Sunday, 29 May 2011


There are many places on the British coast, particularly in the south and east, which have fallen prey to coastal erosion over the years. In Middleton-On-Sea the erosion was so bad in the 1700s that the medieval church was looking at an uncertain future, and in spite of the best efforts of the rector to put defences in place, the erosion got worse, to the point where human remains from the graveyard started appearing along the shore. The church finally succumbed to the encroaching sea in the 1800s. The battle to defend the locality from the sea continued as the town developed into the 1900s, until finally in the 1990s the local council built eight rock islands offshore to lessen the force of the sea.

One feature of the British seaside which still persists in one form or another today, but which had its heyday in the 1950s and 1960s is the “holiday camp” of which Butlins and Pontins are probably the most famous names, and which was parodied in the popular British comedy series Hi-Di-Hi. One of the earliest examples of these was in Middleton-On-Sea where a seaplane factory which closed after the First World War was turned into a holiday camp by Sir Walter Blount in 1922, and was named the “New City”. The hangars of the former seaplane factory were put to good use, one being turned into a dance floor and another into indoor tennis courts. There were also countless outdoor activities laid on, with the aim of providing a self-contained seaside holiday base. By 1934, the New City had become a hotel and sports club.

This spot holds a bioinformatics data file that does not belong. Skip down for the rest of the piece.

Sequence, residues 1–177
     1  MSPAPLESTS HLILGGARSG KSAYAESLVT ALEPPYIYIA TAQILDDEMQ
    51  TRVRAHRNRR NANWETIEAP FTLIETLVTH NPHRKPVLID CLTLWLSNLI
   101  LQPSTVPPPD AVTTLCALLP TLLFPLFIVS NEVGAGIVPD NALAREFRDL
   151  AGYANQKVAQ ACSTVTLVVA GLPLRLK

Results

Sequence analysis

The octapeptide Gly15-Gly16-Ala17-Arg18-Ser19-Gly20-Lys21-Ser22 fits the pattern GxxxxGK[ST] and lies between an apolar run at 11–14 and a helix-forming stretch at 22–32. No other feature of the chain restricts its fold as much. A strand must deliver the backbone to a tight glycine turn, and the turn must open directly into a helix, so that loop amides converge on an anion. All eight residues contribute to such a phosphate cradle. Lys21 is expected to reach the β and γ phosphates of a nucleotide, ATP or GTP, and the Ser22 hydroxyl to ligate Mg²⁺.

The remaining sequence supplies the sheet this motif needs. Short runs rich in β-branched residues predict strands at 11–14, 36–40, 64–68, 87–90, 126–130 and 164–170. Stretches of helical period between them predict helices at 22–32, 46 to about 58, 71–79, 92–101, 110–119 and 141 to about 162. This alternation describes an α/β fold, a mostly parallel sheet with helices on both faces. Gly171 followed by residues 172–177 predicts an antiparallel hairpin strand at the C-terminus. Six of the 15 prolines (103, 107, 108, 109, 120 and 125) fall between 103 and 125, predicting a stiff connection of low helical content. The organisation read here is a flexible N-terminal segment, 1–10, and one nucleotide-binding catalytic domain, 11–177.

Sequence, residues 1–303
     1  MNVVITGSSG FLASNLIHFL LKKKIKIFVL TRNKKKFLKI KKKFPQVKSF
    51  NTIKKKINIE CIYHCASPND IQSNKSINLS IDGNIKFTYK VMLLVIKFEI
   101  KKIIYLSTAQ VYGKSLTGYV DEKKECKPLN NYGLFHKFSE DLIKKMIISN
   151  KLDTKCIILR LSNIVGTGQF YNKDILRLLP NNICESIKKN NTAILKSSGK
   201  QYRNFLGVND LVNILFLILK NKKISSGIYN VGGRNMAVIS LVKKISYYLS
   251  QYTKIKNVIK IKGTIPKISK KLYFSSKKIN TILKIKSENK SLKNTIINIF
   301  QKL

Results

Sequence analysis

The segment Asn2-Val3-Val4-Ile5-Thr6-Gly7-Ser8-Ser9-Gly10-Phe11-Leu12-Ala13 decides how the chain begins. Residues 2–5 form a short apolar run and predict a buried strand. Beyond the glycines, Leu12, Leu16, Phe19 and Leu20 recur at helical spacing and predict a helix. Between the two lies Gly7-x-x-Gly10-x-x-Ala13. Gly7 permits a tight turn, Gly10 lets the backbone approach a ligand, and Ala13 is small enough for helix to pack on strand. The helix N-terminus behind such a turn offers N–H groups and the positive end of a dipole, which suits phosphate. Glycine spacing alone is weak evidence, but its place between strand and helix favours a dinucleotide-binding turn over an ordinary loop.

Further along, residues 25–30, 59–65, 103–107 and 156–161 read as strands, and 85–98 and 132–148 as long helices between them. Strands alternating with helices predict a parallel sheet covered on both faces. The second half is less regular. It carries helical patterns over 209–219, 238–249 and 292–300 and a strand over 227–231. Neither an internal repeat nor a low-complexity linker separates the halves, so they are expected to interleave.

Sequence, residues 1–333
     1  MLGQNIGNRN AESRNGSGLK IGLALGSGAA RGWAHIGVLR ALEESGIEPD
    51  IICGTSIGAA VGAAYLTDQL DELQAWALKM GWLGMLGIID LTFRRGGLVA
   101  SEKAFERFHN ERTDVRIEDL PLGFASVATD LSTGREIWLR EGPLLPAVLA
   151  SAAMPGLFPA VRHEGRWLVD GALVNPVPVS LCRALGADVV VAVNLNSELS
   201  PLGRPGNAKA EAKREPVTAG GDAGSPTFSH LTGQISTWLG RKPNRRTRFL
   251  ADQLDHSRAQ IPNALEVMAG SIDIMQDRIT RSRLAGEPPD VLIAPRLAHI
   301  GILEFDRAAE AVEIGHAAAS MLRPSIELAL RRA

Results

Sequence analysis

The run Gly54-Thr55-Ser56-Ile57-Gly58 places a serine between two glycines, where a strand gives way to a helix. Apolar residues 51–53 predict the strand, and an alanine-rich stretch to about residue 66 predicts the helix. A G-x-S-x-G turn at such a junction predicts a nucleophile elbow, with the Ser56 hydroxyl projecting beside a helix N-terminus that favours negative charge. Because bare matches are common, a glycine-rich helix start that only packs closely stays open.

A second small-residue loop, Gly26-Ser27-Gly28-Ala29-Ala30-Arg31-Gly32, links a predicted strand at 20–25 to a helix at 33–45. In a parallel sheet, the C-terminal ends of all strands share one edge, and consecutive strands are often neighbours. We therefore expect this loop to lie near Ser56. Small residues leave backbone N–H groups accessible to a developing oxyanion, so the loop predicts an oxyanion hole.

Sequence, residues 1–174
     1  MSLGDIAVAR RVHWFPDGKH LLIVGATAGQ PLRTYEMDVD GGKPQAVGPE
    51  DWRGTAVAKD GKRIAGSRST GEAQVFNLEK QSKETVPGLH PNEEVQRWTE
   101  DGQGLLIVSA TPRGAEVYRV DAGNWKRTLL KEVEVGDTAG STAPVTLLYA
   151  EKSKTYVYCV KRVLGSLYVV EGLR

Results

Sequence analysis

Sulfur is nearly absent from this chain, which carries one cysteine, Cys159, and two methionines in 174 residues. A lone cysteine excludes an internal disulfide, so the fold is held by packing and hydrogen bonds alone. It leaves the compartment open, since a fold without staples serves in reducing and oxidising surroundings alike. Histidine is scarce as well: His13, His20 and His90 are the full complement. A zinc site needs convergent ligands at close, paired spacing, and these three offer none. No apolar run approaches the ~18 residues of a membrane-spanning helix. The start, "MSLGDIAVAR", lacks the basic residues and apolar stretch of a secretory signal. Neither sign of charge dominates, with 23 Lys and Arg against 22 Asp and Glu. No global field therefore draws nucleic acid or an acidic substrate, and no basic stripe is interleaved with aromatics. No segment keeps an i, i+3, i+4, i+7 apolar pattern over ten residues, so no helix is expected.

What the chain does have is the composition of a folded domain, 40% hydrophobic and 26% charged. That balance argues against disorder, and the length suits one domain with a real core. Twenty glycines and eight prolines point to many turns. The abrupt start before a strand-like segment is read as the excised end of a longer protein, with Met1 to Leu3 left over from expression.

Map of the area.

© 2008 Basher Eyre, via Wikimedia Commons

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